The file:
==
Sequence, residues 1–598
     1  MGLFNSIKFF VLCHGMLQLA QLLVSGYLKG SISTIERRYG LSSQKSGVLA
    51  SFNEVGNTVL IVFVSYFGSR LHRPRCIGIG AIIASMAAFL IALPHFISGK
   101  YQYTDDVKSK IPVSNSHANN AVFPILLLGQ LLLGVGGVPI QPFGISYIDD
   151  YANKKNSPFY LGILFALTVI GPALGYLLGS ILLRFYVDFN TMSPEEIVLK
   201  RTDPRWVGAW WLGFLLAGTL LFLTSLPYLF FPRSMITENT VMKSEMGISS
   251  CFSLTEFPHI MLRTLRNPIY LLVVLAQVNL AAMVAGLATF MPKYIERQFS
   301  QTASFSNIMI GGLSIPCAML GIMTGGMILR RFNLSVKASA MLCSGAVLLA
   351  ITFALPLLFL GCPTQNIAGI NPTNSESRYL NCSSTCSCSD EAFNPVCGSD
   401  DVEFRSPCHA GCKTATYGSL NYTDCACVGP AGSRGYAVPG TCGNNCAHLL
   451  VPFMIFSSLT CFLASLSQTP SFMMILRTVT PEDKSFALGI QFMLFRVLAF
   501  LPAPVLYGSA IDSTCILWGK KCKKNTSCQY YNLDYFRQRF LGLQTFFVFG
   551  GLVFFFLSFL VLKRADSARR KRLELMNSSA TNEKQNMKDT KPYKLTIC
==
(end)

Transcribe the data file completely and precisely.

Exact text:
Sequence, residues 1–598
     1  MGLFNSIKFF VLCHGMLQLA QLLVSGYLKG SISTIERRYG LSSQKSGVLA
    51  SFNEVGNTVL IVFVSYFGSR LHRPRCIGIG AIIASMAAFL IALPHFISGK
   101  YQYTDDVKSK IPVSNSHANN AVFPILLLGQ LLLGVGGVPI QPFGISYIDD
   151  YANKKNSPFY LGILFALTVI GPALGYLLGS ILLRFYVDFN TMSPEEIVLK
   201  RTDPRWVGAW WLGFLLAGTL LFLTSLPYLF FPRSMITENT VMKSEMGISS
   251  CFSLTEFPHI MLRTLRNPIY LLVVLAQVNL AAMVAGLATF MPKYIERQFS
   301  QTASFSNIMI GGLSIPCAML GIMTGGMILR RFNLSVKASA MLCSGAVLLA
   351  ITFALPLLFL GCPTQNIAGI NPTNSESRYL NCSSTCSCSD EAFNPVCGSD
   401  DVEFRSPCHA GCKTATYGSL NYTDCACVGP AGSRGYAVPG TCGNNCAHLL
   451  VPFMIFSSLT CFLASLSQTP SFMMILRTVT PEDKSFALGI QFMLFRVLAF
   501  LPAPVLYGSA IDSTCILWGK KCKKNTSCQY YNLDYFRQRF LGLQTFFVFG
   551  GLVFFFLSFL VLKRADSARR KRLELMNSSA TNEKQNMKDT KPYKLTIC